Falcone Doing It Again? Investor Accuses Him Of “Bailing Himself Out”

In June of 2012, the Securities and Exchange Commission alleged that Falcone “used fund assets [of $113.2 million] to pay his taxes, conducted an illegal ‘short squeeze’ to manipulate bond prices, secretly favored certain customers at the expense of others, and that Harbinger unlawfully bought equity securities in a public offering, after having sold short the same security during a restricted period.”

Falcone Doing It Again? Investor Accuses Him Of "Bailing Himself Out"

The settlement

Fast forward to May 2013, when Falcone agreed to a settlement with the SEC that would have seen him pay $18 million while unable to work as an investment adviser for two years. That deal was nixed by SEC chairwoman Mary Jo White who believed it was too lenient and forced both sides back to the table.

What resulted was the ever-so-rare case of the SEC demanding that the defendant admit wrongdoing. Under the terms of the deal, Falcone will have to pay a total of $11.5 million of his own money to settle the charges. He will part with a total of $6.5 million in illicit profits and pay $1.01 million in prejudgment interest and $4 million in civil penalties, and also accepted a five-year ban from the securities industry.

The “severity” of that settlement has, in the opinion of one shareholder, forced him down the same path as the one he was on before the ruling. It’s hard to imagine a billionaire not having $18 million somewhere under the figurative cushions in his couch.

The accusation and lawsuit

Haverhill Retirement System, especially, believes that Falcone has gone back to his cheating ways and has publicly accused him of paying his settlement from Harbinger Capital Fund.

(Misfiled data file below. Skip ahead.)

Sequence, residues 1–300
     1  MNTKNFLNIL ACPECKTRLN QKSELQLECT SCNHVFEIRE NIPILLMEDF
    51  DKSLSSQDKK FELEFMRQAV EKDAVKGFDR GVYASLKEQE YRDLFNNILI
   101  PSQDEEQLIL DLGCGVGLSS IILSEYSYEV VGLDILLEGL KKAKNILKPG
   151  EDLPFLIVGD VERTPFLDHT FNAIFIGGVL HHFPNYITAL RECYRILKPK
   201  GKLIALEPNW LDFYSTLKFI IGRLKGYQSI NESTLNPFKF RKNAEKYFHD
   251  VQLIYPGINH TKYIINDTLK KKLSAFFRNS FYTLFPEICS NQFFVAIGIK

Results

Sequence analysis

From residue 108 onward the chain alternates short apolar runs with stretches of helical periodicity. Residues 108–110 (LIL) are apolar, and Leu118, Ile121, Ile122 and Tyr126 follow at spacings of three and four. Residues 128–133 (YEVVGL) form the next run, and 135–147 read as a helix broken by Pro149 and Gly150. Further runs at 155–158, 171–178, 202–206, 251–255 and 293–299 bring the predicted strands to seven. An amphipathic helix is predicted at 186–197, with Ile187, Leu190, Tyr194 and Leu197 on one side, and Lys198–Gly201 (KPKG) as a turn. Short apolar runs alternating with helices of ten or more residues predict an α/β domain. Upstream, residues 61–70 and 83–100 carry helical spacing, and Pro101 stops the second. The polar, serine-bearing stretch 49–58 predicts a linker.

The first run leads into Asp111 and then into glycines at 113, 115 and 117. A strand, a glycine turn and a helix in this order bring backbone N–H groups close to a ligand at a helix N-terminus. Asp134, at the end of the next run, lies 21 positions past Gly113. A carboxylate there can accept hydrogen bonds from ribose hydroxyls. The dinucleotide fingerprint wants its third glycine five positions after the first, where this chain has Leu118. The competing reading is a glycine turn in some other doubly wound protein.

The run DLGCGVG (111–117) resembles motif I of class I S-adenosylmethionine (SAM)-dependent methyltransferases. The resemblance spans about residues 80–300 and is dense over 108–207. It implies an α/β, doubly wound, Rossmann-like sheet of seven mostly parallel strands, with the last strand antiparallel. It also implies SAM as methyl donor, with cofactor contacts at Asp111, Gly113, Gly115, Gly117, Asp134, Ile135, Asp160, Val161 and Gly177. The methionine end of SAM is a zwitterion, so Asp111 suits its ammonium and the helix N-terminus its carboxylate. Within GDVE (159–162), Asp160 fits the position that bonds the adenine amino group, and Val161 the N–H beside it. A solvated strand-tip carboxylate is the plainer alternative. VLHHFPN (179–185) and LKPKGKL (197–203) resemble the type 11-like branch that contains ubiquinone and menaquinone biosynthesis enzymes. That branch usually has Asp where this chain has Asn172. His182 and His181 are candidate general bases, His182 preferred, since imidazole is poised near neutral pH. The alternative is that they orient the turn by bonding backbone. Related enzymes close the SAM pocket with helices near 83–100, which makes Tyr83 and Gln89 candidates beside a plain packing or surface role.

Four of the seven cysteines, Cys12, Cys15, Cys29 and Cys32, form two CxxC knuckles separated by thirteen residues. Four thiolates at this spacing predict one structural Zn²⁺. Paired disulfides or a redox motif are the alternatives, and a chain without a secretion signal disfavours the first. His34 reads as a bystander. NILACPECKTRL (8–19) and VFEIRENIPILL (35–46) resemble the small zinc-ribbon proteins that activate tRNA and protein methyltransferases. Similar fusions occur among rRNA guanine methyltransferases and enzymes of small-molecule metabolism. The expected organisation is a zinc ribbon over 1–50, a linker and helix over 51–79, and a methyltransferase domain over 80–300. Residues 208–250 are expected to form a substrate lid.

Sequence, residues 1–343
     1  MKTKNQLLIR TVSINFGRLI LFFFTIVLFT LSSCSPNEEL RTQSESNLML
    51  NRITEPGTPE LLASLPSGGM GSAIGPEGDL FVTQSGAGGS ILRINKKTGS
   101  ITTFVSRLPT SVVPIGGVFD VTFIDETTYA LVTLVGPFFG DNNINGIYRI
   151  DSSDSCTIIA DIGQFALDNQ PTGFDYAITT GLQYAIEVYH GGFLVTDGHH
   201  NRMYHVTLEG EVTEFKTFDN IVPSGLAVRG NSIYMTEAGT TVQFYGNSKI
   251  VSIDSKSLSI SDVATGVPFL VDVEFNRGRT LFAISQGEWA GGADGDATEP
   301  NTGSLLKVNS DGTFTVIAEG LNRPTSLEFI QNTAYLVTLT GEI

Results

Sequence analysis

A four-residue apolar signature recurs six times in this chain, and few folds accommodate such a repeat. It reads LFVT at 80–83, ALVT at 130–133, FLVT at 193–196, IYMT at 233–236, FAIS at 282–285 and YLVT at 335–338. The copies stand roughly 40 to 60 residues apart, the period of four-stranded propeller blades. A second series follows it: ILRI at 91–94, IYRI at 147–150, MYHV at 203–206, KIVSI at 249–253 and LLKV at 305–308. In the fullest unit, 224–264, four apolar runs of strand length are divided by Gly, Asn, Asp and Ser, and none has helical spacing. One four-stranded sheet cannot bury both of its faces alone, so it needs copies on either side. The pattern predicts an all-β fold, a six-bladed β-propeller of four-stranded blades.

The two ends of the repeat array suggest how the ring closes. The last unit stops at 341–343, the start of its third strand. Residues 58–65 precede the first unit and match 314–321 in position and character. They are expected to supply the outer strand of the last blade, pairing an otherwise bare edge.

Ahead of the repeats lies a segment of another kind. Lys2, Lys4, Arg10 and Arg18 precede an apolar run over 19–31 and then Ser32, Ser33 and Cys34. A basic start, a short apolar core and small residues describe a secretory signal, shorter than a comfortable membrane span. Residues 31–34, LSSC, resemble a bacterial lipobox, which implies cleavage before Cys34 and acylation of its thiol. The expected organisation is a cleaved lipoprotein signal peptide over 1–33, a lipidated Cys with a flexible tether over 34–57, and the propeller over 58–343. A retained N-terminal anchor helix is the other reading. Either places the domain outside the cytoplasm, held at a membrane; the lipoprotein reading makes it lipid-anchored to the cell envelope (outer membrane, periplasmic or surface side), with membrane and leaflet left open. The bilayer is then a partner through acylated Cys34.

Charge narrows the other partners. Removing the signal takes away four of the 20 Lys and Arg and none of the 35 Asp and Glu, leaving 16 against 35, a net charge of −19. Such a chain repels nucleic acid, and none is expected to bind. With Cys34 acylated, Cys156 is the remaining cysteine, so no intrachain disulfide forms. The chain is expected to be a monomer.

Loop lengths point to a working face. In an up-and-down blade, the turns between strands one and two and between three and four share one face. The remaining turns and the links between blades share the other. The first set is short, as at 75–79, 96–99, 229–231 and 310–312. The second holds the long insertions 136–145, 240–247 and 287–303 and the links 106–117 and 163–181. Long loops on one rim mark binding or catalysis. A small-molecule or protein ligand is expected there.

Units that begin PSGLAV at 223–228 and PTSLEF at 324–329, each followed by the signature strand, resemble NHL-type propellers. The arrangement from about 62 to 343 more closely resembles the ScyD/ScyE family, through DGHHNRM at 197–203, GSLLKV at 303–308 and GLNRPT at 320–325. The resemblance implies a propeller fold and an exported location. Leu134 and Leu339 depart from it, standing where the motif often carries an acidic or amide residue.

Haverhill filed a lawsuit to get answers. It believes that Falcone desperately added two seats to the board and sold additional shares in Harbinger Group, something that Haverhill equates to  “Falcone effectively used (using) Company assets to bail himself out of a personal financial crisis.” (Again)

By appointing two new directors, Harbinger Group diluted the representation of ordinary shareholders, giving small shareholders “less of a voice,” Haverhill claims in the suit.

Falcone is no stranger to court, he’s simply added a lawsuit against him. Neither Falcone or Harbinger has responded publicly to the suit or the accusations.

via: Dealbook




About the Author

Brendan Byrne
While studying economics, Brendan found himself comfortably falling down the rabbit hole of restaurant work, ultimately opening a consulting business and working as a private wine buyer. On a whim, he moved to China, and in his first week following a triumphant pub quiz victory, he found himself bleeding on the floor based on his arrogance. The same man who put him there offered him a job lecturing for the University of Wales in various sister universities throughout the Middle Kingdom. While primarily lecturing in descriptive and comparative statistics, Brendan simultaneously earned an Msc in Banking and International Finance from the University of Wales-Bangor. He's presently doing something he hates, respecting French people. Well, two, his wife and her mother in the lovely town of Antigua, Guatemala. To contact Brendan or give him an exclusive, please contact him at theflask@gmail.com